- Ann Richards's 1988 keynote to the Democratic National Convention brought the house down with her humor and well-timed jokes--including one about being a rare woman keynoter.
- Bella Abzug's parody of an American Express ad was used to deliver a serious message about the time when women couldn't have their own credit cards, an issue she fought as a Member of Congress.
- Carol Burnett's live-audience Q&A sessions shows this comic as the improvisational adept that she is, but here, she's playing off the audience in live sessions she held at every taping of her popular television variety show.
- Caroline Kennedy's eulogy for Senator Ted Kennedy used a quiet, wry humor throughout this heartfelt speech to reflect their relationship and his outsize personality in a winning way.
- Diane Kelly's TEDMED talk on what we don't know about penis anatomy had the audience in inadvertent stitches throughout. A scientist, she deadpans with ease and assured the audience that yes, she *has* heard all the jokes about penises...then tells us something new she discovered.
- Weight Watchers founder Jean Nidetch told the story of her epiphany about "thin" as a joke on herself, with a lesson embedded: She shared this tale again and again in talks to Weight Watchers groups and general audiences to share her own self-deception in a clever way that anyone can relate to.
- Julie Andrews's 1964 Golden Globes acceptance speech is charming, perfectly correct--and a nose-tweaking of a studio head who didn't cast her in a big role, allowing her to take the role that led to this top award. It's so quickly done, you might miss it, but for her own double-take at the end. The audience of top stars certainly understood it.
- Lucille Ball at her Variety Club tribute, a lifetime achievement award, was a serious acknowledgment of her slapstick comedy success and her role as a top television executive. The jokes are there, but used with care amidst her heartfelt response to the tribute, an exercise in judicious use of humor.
- Margaret Edson's 2008 Smith College commencement speech is not only remarkable because it's extemporaneous, but because of her sly humor. Pay attention to her use of humor in the speech's acknowledgments, a staple of commencement speeches that, in her hands, became the opposite of rote and boring.
- Margaret Thatcher's "Iron Lady" speech, a serious speech that earned her the nickname, nonetheless includes humor as a tool to barb, parry, and thrust her way through a pointed delivery.
- Mary Roach's TED talk on 10 things you didn't know about orgasm sees the speaker laughing along with the audience when her topic gets uncomfortable or odd--but she moves on. Here, deadpan delivery and basing her talk in research helps balance the humor.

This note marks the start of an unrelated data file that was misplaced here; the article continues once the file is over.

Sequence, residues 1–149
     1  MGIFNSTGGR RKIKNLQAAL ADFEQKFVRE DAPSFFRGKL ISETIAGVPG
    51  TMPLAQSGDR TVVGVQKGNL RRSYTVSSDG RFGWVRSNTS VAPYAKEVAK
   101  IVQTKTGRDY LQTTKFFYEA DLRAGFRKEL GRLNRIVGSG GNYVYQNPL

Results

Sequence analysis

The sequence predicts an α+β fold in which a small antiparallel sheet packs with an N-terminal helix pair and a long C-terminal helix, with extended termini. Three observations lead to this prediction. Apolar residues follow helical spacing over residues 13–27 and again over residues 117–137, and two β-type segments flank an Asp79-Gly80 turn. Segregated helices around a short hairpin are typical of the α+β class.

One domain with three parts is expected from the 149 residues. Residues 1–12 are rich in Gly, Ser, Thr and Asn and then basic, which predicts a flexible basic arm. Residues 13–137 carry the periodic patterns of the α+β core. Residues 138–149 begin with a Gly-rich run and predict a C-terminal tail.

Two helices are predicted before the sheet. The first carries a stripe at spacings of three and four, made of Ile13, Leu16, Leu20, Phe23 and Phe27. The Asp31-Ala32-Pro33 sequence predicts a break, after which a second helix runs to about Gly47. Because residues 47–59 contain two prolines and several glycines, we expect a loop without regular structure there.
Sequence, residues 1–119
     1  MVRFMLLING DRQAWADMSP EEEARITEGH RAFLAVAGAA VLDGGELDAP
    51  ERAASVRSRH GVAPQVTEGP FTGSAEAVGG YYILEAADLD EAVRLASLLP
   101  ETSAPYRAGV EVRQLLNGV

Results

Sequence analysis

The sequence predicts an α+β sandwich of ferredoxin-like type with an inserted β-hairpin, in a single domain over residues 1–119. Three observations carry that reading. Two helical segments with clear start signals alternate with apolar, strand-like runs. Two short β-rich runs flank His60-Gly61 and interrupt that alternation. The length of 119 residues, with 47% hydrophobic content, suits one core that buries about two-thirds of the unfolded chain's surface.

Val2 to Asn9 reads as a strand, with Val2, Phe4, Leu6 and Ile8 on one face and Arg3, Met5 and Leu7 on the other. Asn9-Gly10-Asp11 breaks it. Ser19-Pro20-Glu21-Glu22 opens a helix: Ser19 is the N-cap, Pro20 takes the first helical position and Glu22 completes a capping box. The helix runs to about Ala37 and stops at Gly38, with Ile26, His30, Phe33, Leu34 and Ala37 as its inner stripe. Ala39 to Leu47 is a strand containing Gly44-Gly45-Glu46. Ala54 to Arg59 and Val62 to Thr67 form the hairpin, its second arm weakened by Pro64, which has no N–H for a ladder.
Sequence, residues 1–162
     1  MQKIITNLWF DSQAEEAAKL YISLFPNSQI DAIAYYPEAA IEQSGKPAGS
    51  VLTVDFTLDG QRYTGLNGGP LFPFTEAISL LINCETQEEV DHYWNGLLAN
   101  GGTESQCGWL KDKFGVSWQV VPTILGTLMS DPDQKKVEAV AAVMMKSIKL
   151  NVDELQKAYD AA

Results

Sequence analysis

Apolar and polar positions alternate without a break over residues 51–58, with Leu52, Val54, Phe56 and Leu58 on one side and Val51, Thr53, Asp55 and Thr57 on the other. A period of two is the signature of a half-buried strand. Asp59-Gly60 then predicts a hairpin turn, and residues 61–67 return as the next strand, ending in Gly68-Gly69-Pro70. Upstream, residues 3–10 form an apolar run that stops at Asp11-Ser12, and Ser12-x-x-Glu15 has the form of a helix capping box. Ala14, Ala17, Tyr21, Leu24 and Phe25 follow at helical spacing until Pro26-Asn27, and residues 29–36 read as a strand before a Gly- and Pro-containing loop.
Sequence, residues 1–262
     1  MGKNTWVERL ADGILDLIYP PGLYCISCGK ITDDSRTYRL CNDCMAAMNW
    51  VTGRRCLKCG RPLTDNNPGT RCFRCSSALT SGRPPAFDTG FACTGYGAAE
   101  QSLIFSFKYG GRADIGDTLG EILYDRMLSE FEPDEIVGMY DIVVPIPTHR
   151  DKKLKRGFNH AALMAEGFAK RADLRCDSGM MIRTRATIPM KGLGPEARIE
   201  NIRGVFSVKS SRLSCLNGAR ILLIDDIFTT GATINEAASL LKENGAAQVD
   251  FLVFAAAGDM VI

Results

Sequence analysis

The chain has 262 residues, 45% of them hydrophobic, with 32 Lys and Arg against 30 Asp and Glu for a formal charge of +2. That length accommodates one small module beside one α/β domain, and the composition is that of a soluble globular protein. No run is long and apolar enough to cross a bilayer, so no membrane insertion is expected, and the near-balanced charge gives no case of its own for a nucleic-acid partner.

- Maya Angelou's eulogy for Coretta Scott King keeps the funeral from being cloying by sharing personal secrets of her friendship with King, including telling dirty jokes to make her laugh--which got a laugh from the mourners.
- Melissa Rivers's tribute to Joan Rivers, honoring the comedy queen after her unexpected death, was a heartfelt tribute that reflected precisely how her mother would have acted at such an event--with humor.
- Mindy Kaling at Harvard Law School's Class Day is a skillful study in self-deprecating humor, not something everyone can pull off, but highly effective here.
- Nellie McClung's "Should Men Vote?" took an earnest, often humorless cause--votes for women--and turned the tables by staging a debate using men's words about women's suffrage to skewer them and consider whether men should vote. Hilarious!
- Norah Ephron's commencement address at Wellesley College demonstrates humor in the hands of the master screenwriter. She skewers her class, her college, and society on the way to sharing important advice with the graduates.
- Phyllis Diller on comedy at the 92nd Street Y is a case study in precise timing--she aimed for 12 jokes a minute--in this not-quite-a-lecture that shares insights into how comedy is created from a true artist.
- Stella Young's "I'm not your inspiration" uses a big dose of humor to dispel the myth that every disabled person is inspiring by definition, poking fun and holes in her audience members' assumptions.
- Rep. Terri Sewell's remarks at the 50th anniversary of the march on Selma relates a funny story about an iconic civil rights "foot soldier" who marched on that historic day--and made President Barack Obama laugh. It's a great example of using levity to make a point on a serious anniversary.
Friday, March 25, 2016
They say women can't be funny, and like so many other myths, that one is designed to keep women silent and separate them from this wonderful speaking gift. Fortunately, these 19 women ignored that myth and forged ahead with these famous and funny speeches we've collected in The Eloquent Woman Index of Famous Speeches by Women. They come from politicians, professional comedians, scientists, entrepreneurs, actors, authors, and activists, showing the full range of how to use humor in public speaking. Stay tuned next week, when we dig further into the concept that women can't be funny, and how that limits women as speakers. But for now, enjoy some laughs courtesy of these famous speeches. At the links, you'll find video, audio, and/or text, where available, along with tips you can use in your own public speaking:
Posted by Denise Graveline at Friday, March 25, 2016